We left our watches…

June 30, 2009

sleeps_alone_tonight_by_nightide_reaper

We left our watches, left them on the nightstand, next to a half glass of water with a ring of condensation under it, sweating through the night.  Some hours before, I crossed your fields, burned your crosses, dressed your burns, and ripped your dress, or at least I talked about it or maybe it was you doing the talking.  You were beautiful and spiritual and endless and a fourth thing that I cannot describe or explain or now even recall.  The images were fleeting, sexual and possibly in black and white, but mostly grey.  The lights flickered on and off.  By your hand, by your foot.  In the moments after, I seemed confused but I felt that I was not.  You looked at the clock but could not quite make out the hands across the room.  The sun was going to come up soon or it had just gone down.  The natural light was falling faintly across the ground outside your window.  Later you were gone, writing, and I was finding myself where I was supposed to be.  I looked at my watch, drank the water, and waited for you.

-DH

She’s smiling

June 29, 2009

She’s smiling
She’s smiling at him
She’s smiling at him but you can’t see him
Because he’s not in the picture
But he’s smiling back at her who is
And they’re laughing about a joke he just told
Something funny
Something funny about a Vespa
And wearing matching crocs
Something that makes her laugh so much
That she feels like she’s connected again
That she feels like she’s in the right place
For the first time
Photogenic
And smiling

Now

March 19, 2009

I’ve given up my writing for her.
All the words that were in my head,
I’ve let them go, and now
I’m hollow and barren
and reading shit poetry
for no fortune or fame.
I’ve given up my confessions
for him
and his reputation
and his people
and his feelings.
Being in love with a surgeon
rips your heart out.
I’ve lost the wide
open space of those empty
days when the lilt of time
is filled with the ups
and downs of my own brave,
imbalanced
world of emotions.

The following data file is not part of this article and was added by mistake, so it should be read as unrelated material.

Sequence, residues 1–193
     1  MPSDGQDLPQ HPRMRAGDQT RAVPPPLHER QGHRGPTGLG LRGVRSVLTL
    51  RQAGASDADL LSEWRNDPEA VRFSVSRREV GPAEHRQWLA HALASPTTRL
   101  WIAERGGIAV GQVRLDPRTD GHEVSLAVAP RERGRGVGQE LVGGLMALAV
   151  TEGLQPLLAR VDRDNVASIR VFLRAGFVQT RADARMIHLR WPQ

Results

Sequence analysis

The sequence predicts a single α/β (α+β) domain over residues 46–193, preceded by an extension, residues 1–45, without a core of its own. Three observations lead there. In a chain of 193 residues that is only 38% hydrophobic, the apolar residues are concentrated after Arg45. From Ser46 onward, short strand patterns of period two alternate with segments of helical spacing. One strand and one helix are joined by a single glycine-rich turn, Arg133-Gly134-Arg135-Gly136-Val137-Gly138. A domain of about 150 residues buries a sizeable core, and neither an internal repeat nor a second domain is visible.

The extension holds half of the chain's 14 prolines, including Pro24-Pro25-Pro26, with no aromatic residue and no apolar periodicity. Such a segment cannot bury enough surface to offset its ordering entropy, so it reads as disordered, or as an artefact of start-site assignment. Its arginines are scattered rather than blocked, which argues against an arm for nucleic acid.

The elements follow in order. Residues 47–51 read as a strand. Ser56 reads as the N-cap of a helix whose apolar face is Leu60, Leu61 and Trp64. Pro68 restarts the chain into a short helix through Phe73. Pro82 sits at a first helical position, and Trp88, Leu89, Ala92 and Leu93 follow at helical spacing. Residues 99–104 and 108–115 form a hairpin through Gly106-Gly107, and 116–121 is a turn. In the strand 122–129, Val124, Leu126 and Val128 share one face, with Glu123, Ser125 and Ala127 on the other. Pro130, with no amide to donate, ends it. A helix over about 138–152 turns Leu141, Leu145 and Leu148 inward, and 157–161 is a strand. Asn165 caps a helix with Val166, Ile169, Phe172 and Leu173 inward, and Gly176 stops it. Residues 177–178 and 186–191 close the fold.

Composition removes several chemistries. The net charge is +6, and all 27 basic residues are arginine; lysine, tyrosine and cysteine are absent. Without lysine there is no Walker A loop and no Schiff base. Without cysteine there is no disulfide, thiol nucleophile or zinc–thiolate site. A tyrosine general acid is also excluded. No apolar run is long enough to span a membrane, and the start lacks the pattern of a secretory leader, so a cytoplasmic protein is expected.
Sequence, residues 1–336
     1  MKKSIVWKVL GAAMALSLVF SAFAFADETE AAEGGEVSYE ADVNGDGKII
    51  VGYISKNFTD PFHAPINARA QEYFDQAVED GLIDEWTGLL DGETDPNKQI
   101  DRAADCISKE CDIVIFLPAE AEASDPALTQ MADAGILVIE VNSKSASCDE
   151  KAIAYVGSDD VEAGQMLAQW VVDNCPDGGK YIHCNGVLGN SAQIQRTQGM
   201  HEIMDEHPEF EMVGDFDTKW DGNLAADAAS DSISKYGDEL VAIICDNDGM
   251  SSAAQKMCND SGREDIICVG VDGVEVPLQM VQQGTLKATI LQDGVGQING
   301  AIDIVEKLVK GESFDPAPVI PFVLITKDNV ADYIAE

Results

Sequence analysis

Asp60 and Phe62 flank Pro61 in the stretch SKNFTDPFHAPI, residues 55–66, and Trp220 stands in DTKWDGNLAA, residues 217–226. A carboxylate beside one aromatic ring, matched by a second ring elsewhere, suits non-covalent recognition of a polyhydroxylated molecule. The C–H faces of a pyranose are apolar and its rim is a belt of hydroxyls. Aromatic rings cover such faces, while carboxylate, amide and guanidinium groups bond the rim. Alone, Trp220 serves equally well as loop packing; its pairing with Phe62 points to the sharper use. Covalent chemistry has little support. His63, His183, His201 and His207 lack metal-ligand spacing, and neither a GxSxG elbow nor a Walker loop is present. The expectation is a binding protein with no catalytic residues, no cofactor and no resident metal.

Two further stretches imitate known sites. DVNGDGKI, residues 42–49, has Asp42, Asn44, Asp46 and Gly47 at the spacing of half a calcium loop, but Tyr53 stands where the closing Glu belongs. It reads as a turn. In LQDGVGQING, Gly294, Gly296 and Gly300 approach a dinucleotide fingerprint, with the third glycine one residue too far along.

Those moments which
are no longer mine,
where I was the source
and the sink
and all the mundane stuff in between.
Those days when you lie in the grass
looking up at the sky
and watch the clouds
wax and wither like
smoke from a match, and
you have the time to think
how everything is so damn
vague and changing
and that all you want
is for this moment 
to last forever.

A Caution To Everybody

February 27, 2009
Consider the auk;
Becoming extinct because he forgot how to fly, and could only walk.
Consider man, who may well become extinct
Because he forgot how to walk and learned how to fly before he thinked.   

Ogden Nash 

 

The lawyer and the barista

February 21, 2009

You are not normally self-effacing.

Until you push past the carts.

In a black suit.

Against a dichotomous background.

On your way to the Cafe

To buy  black coffee

Circumnavigating the aisles of Whole Foods,

Where you obviously don’t belong

At two in the afternoon

While there’s work to be done

At your desk;

Your glass office

Some ordinance to file.

You are

Linear and finite

Braving a sea of amorphous,

Communal, leftist, hippies

Who brush past you with their flowered dresses

And canvas tote bags

And downplay their superiority,

Just so you can catch a glimpse

Of your girl’s smile.

 

 

 

you are not erased

February 3, 2009

I remember you like a woman who comes up and out of the subway like a flower opening in the spring. Quite unsuspectingly. Brushed by the crowd. Thinking of nothing in particular but the sun on your face, the clarity of sound of your shoes on the pavement. And the girl you passed three minutes ago who reminds you of a doll that you once had as a child. I remember the lightness of your thoughts and the strangeness you always felt knowing that something else more important was about to happen. That your shoes and the doll and the passing girl is nothing compared to the face in the crowd you are about to see that will bring you to a place of unpredictable gracelessness.